Other legal experts aren’t so sure. “I don’t think a journalistic enterprise could be charged with an actual charge for doing this,” Jeffrey Toobin, a lawyer, New Yorker writer, and legal analyst, said on CNN. “What’s clear is that this is appalling journalistic behavior on the behalf of the National Enquirer.”

It also seems clear that prosecutors will look closely at the correspondences between the National Enquirer and Jeff Bezos, to see if crimes have occurred. National Enquirer publisher American Media Inc. is sure to come under special scrutiny because the company recently received immunity from federal prosecutors for cooperating with efforts to investigate Michael Cohen, Donald Trump’s former attorney. At the time, AMI admitted that it had paid Karen McDougal $150,000 for a story in which she claimed to have an affair with Donald Trump — and then never published it to help Trump’s 2016 presidential campaign.

Prosecutors say the money given by AMI to McDougal amounted to an illegal campaign contribution, arranged by Cohen at the direction of Trump. In exchange for immunity, AMI agreed that if it committed any crimes within three years of the deal, it could be prosecuted for all charges, including those it had previously been granted immunity for.

“One thing we can be certain of is these allegations [by Jeff Bezos] will be looked at hard by the federal prosecutors,” Jeff Tsai, a former federal prosecutor, told the New York Times this week. “The nature of that non-prosecution agreement — to not commit any crimes — was to give A.M.I. the opportunity to really think hard about the nature of its practices.”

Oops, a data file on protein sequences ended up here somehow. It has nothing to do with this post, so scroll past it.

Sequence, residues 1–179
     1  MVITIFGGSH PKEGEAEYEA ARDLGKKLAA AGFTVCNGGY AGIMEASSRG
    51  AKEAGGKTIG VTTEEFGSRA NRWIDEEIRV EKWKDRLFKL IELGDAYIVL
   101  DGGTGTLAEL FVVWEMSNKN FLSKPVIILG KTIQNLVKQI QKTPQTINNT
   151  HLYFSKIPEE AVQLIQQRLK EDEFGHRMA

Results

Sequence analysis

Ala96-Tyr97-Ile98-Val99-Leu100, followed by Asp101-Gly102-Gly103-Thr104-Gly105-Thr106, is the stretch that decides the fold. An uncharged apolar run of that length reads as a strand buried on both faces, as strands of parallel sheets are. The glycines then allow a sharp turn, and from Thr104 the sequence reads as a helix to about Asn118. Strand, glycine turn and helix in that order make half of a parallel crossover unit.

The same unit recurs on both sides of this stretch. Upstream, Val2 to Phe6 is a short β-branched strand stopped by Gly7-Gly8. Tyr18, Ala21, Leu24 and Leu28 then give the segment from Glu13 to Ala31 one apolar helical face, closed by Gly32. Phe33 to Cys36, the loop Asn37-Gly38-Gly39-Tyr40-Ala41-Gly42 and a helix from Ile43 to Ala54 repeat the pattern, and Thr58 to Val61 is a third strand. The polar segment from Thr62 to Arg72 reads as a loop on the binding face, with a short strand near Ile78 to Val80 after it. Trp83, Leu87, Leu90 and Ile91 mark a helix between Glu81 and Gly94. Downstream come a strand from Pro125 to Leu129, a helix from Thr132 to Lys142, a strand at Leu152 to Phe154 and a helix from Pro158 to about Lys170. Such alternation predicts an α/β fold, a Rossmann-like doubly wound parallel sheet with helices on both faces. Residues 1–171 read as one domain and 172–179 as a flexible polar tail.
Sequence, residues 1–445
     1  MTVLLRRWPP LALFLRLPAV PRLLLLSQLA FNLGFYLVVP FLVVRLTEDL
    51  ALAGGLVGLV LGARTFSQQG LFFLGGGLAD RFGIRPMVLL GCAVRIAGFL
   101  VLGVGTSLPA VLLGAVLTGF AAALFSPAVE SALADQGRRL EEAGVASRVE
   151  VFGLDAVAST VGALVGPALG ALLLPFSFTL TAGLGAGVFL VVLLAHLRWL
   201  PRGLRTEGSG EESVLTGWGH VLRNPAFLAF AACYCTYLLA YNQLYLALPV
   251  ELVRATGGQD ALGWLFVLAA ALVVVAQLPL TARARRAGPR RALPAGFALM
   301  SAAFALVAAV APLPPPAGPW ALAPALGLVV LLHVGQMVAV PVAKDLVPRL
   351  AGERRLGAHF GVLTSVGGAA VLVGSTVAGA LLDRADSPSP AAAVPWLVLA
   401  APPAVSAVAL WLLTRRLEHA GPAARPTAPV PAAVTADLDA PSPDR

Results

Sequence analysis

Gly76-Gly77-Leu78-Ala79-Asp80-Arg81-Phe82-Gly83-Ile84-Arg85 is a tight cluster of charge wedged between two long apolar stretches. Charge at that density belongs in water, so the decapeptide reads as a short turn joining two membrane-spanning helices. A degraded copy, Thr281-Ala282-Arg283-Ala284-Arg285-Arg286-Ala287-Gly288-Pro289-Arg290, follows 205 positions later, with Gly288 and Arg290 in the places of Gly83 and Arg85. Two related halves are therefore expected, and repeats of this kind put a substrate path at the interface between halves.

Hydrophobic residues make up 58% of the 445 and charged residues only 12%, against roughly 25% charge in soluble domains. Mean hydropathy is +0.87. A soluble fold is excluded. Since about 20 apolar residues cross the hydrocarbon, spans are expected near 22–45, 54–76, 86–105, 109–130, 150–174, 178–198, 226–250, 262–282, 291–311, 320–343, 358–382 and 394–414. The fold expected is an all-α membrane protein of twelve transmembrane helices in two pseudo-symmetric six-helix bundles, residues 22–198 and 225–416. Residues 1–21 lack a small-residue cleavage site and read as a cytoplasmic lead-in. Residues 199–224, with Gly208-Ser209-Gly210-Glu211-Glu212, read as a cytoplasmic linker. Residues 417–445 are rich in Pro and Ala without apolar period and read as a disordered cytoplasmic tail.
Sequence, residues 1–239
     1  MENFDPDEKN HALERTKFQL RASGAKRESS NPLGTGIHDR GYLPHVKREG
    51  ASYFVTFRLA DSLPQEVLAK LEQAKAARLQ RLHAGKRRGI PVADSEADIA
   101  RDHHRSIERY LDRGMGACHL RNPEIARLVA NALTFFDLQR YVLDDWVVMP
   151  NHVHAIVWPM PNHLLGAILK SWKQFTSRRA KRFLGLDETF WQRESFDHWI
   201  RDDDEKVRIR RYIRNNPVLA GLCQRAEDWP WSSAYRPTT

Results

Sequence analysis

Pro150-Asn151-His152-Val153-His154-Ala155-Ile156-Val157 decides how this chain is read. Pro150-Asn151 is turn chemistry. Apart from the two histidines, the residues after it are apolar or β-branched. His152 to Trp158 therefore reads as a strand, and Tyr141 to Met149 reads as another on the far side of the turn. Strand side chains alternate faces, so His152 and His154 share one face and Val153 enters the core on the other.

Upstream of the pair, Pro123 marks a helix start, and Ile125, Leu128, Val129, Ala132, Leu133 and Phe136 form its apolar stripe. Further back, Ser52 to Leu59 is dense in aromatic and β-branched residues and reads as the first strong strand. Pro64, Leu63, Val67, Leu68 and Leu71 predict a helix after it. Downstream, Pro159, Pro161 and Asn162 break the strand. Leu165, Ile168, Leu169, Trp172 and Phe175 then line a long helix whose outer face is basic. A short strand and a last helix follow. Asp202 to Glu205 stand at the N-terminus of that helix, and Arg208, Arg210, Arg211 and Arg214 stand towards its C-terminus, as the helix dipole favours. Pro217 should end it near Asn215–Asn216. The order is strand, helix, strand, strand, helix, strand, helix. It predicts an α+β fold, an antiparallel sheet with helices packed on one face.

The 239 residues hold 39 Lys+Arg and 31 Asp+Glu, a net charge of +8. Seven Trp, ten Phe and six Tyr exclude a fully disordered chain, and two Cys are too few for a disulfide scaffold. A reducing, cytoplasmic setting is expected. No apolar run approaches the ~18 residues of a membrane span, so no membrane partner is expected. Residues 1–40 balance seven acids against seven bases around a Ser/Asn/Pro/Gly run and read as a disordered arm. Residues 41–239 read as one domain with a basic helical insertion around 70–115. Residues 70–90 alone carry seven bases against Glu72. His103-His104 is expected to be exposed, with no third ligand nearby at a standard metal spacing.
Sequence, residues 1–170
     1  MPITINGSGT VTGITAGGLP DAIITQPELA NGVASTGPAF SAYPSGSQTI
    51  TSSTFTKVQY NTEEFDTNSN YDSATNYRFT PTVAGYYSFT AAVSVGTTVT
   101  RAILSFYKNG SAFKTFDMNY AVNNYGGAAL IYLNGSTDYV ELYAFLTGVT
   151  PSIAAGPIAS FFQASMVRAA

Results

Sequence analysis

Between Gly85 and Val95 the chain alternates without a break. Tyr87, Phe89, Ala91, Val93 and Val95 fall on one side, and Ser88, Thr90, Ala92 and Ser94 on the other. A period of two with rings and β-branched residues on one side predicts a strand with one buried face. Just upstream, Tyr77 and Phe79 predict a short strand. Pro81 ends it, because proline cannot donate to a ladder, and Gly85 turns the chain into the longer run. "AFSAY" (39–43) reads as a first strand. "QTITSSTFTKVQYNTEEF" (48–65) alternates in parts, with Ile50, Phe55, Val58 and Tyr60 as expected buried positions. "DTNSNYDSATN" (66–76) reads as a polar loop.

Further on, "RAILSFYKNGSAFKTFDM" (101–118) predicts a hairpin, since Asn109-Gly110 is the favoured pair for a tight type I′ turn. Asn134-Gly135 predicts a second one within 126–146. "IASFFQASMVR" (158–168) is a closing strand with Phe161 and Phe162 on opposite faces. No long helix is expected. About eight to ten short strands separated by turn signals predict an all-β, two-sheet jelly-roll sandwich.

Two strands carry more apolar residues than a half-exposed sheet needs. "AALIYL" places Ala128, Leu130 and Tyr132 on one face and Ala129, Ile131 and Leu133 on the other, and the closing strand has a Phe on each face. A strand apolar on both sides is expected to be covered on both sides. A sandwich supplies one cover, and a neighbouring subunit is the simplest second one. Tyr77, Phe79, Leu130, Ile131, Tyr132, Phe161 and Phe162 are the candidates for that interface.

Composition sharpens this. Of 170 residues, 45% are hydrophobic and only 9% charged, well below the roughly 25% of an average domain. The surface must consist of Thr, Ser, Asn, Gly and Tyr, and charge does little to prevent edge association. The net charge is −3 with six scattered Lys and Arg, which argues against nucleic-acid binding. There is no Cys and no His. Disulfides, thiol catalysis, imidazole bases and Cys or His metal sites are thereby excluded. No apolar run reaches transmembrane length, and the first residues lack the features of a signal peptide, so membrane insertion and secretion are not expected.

Why Is the National Enquirer Blackmailing Jeff Bezos?

Clearly, the National Enquirer, AMI, and David Pecker — AMI CEO, National Enquirer publisher, and a longtime friend of Donald Trump — are trying to silence the accusations that they’ve been operating with underhanded political purposes in mind.

Before and after becoming president, Donald Trump has frequently attacked Jeff Bezos and Amazon on Twitter, largely launching the accusation that the Bezos-owned Washington Post‘s coverage of Trump is unfair.

An AMI representative said to Jeff Bezos that Pecker was “apoplectic” in particular over the Washington Post‘s coverage of Jamal Khashoggi, the journalist widely believed to have been murdered while in the custody of Saudi officials. Months before Khashoggi’s death, AMI published a strange glossy magazine “saluting Saudi Arabia, whose ambitious crown prince was soon to arrive in the US on a PR blitz to transform his country’s image,” in the words of the Associated Press.

In his blog post, Bezos also explained that he hired an investigator named Gavin de Becker to find out how the National Enquirer gained possession of his personal texts and photos. In its threats, American Media said that it wanted both Bezos and de Becker to affirm in a national news outlet that “they have no knowledge or basis for suggesting that AM’s coverage was politically motivated or influenced by political forces.”

Bezos said that doing so would be a lie, and that he is refusing to play along, even if that means his embarrassing texts and photos are published.

What may be revealed in Gavin de Becker’s investigations, or in any possible federal investigations into American Media, remains to be seen.